Be forewarned, the best BBQ knives come with big price tags. But a knife being expensive is no guarantee of quality. There are many “scam” knife sellers, especially for a style described as Damascus steel knives. So doing some research, such as reading this BBQ knife guide, is paramount if you don’t want to fall into the marketing traps the grilling world is full of.
First, you must understand the different knife styles and their purposes. Although this article is about the best BBQ knives, there is actually no such thing as a BBQ knife, just your traditional knives that work best with BBQ style food. So let’s run through the typical knife styles you’ll likely find in the hands of a Pitmaster.
The top three knives on my list are what I call the “barbecue power three knives”. With these knives, you’ll have a quality tool to do pretty much every cutting job needed for the slicing, dicing, and trimming of competition looking BBQ food. But for those of you with money to burn I’ll also recommend what I believe to be the best BBQ knives from several other styles so you can have a full set.
Best Chef’s Knife for BBQ
If you can only afford one high quality, razor sharp knife then a chef knife should be the style that empties your wallet. It’s a very versatile knife that’s good for cutting, chopping, trimming and slicing and for this reason it’s considered the primary general-utility knife for most western cooks.
My recommendation for best chef’s knife for BBQ food is the Dalstrong Shogun Series X chef’s knife. Its blade is eight inches long, which all good chef’s knives should be, triple riveted for extra strength and is scalpel sharp due to being sharpened via the three-step Honbazuke honing method (Honbazuke honing is a traditional Japanese blade sharpening technique that gives swords and knives exceptional sharpness. Done by hand the three steps are, coarsely ground the blade with a vertical rotating sharpening stone, then fine honing with a horizontal sharpening stone and finished off by polishing using a leather stropping block)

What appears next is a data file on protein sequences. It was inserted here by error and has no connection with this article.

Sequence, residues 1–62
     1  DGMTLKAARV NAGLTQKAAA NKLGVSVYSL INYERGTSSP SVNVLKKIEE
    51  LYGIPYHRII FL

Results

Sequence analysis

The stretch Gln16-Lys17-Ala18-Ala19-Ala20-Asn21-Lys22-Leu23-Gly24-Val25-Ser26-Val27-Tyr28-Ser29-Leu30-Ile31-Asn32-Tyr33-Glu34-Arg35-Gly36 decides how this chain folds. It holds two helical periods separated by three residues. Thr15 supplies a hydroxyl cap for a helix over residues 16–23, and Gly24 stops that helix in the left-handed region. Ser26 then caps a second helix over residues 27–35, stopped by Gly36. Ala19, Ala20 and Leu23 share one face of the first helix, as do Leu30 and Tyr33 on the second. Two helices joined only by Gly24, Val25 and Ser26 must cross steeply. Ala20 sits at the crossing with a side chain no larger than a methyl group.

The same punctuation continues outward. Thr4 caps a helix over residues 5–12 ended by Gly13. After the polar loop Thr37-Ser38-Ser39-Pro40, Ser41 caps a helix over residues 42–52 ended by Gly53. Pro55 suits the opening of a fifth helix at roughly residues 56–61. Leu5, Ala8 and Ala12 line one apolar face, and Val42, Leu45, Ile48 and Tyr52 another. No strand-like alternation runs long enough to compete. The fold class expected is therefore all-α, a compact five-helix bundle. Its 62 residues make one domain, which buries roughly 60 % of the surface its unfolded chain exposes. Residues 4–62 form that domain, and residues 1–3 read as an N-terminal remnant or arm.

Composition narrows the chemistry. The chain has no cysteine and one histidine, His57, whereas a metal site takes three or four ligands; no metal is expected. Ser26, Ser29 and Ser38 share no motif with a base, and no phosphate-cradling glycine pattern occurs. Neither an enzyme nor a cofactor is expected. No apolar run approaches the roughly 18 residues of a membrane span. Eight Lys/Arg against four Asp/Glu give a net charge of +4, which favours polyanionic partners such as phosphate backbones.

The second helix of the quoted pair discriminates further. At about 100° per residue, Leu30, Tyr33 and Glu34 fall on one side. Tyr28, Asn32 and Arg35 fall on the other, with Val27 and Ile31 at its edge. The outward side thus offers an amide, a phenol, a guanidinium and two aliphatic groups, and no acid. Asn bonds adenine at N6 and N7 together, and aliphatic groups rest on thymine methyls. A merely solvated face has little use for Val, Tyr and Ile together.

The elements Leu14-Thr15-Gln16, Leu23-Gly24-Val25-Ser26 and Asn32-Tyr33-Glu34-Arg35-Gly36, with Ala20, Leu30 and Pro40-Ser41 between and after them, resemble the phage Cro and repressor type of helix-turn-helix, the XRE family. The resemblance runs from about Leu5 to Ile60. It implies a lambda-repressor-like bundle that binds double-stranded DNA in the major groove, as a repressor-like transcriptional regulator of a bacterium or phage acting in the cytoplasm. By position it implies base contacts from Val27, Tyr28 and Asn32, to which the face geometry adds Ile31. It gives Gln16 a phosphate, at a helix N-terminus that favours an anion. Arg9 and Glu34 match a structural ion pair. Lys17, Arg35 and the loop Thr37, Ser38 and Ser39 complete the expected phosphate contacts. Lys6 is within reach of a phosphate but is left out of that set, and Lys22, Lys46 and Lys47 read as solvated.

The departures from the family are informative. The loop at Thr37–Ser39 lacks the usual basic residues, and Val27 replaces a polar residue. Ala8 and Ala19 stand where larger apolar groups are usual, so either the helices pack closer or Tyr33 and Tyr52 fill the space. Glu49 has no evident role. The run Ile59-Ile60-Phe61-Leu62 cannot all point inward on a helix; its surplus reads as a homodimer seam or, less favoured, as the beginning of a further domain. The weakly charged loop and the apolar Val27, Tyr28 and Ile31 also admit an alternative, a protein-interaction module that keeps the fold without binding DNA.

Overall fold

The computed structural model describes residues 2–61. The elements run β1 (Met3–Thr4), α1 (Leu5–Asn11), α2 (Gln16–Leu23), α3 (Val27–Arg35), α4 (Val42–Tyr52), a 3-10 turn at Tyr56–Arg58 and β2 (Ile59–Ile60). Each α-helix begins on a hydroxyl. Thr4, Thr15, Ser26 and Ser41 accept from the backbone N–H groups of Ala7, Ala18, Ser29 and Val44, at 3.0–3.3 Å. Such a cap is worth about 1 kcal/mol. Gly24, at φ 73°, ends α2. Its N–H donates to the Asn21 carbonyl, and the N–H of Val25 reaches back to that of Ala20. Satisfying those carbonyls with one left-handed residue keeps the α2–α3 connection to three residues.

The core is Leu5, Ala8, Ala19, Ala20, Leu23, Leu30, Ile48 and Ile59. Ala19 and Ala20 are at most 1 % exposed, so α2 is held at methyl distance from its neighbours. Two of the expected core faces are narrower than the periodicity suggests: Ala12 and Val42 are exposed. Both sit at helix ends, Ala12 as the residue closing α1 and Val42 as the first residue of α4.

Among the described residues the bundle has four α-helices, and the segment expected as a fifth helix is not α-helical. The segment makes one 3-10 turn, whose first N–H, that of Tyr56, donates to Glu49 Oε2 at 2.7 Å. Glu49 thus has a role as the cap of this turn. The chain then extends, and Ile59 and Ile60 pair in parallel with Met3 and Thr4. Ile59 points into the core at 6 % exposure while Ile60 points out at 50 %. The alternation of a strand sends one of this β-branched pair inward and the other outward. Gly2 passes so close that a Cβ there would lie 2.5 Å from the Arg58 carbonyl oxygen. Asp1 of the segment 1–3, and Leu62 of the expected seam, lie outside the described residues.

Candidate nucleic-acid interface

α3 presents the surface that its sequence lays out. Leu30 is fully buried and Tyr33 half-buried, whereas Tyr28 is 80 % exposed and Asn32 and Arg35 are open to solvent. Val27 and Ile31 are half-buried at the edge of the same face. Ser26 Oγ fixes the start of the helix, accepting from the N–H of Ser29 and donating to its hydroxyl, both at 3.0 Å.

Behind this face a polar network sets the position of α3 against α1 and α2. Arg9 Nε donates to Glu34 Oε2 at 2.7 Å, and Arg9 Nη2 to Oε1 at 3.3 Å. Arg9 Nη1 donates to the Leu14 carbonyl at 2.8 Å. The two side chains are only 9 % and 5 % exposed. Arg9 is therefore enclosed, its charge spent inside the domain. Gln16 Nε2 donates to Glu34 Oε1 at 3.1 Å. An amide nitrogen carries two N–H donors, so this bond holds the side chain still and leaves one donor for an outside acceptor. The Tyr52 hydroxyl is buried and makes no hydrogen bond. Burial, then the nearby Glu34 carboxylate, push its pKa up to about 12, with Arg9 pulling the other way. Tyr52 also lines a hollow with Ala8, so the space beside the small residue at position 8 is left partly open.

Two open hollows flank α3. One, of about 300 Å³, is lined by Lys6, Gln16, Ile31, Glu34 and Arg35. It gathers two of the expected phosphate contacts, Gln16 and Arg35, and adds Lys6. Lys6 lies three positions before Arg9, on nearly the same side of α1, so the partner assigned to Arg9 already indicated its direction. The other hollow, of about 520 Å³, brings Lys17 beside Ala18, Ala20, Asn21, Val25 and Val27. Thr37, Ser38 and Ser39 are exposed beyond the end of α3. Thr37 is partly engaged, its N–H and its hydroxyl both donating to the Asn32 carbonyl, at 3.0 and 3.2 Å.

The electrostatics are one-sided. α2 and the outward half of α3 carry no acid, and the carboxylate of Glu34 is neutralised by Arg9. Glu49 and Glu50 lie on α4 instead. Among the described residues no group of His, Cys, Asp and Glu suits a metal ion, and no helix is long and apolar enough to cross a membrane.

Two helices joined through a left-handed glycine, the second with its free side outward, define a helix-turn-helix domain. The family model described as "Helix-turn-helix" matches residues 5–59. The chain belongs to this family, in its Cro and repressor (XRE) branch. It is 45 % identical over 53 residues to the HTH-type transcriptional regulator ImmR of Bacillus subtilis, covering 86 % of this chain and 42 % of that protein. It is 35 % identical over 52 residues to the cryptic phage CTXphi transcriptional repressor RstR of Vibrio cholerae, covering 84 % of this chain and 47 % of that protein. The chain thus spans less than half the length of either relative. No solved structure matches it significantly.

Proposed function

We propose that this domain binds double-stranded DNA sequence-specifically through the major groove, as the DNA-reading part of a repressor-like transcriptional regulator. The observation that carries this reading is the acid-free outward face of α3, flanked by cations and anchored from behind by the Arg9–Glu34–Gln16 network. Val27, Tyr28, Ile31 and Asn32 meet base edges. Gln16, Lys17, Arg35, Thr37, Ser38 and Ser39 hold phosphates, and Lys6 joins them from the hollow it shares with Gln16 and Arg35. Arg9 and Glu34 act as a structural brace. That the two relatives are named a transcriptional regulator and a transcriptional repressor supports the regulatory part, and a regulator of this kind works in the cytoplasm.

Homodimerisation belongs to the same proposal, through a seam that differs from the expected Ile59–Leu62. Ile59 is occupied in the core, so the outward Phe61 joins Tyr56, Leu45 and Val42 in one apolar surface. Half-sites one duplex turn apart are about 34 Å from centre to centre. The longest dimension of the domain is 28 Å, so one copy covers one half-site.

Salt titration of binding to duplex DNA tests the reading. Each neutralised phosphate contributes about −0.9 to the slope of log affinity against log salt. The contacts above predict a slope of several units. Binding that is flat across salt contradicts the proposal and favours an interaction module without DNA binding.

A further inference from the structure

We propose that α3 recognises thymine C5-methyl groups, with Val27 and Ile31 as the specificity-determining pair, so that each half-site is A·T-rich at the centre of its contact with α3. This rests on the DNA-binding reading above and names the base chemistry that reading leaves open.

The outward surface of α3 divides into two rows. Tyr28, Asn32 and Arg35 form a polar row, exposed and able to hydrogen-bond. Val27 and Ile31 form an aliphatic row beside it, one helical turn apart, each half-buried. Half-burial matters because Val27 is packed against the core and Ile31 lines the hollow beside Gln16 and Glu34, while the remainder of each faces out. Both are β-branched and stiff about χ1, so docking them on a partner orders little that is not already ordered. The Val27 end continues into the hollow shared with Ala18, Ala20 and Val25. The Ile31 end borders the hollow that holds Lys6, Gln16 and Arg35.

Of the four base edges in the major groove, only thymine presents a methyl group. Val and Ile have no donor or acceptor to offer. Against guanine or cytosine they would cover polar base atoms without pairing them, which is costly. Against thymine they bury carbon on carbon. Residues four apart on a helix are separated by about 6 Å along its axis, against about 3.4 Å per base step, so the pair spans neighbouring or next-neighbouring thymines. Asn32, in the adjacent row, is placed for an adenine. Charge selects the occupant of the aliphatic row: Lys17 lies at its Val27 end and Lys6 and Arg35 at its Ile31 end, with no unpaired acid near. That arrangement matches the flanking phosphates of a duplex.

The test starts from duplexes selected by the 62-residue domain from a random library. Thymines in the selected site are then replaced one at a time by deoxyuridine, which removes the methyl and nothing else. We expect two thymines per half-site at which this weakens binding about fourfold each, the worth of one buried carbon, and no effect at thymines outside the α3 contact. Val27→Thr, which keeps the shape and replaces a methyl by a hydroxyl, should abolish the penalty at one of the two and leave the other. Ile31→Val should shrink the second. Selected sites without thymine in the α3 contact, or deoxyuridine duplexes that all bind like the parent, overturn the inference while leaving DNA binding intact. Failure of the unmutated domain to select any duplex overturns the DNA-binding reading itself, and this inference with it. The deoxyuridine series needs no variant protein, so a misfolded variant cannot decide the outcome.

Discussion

The finished look of the Dalstrong chef knife is achieved by what’s called hammered tsuchime (a weird name considering the translation of tsuchime is hammered). This effect isn’t solely to give the knife a beautiful look – it also helps reduce drag while cutting and minimizes the amount of food that sticks to the blade.
If all this wasn’t enough, the final points to convince you that this is the knife to buy is it has a Rockwell hardness of 62+ (Rockwell hardness ratings measure the hardness of steel and 62 is very hard for a knife), and a G10 handle, which is a bit technical for the scope of this article but you can read about on the Knife Art website.
Best Slicing Knife for BBQ
Big lumps of slowly smoked meats are my favorite meats for barbecue parties, particularly beef brisket, but you need a really nice slicing knife to give your guest the best looking slices of meat and not hacked at chunks. My recommendation for best slicing knife for BBQ food is the Victorinox 12 inch Fibrox pro slicing knife with Granton blade.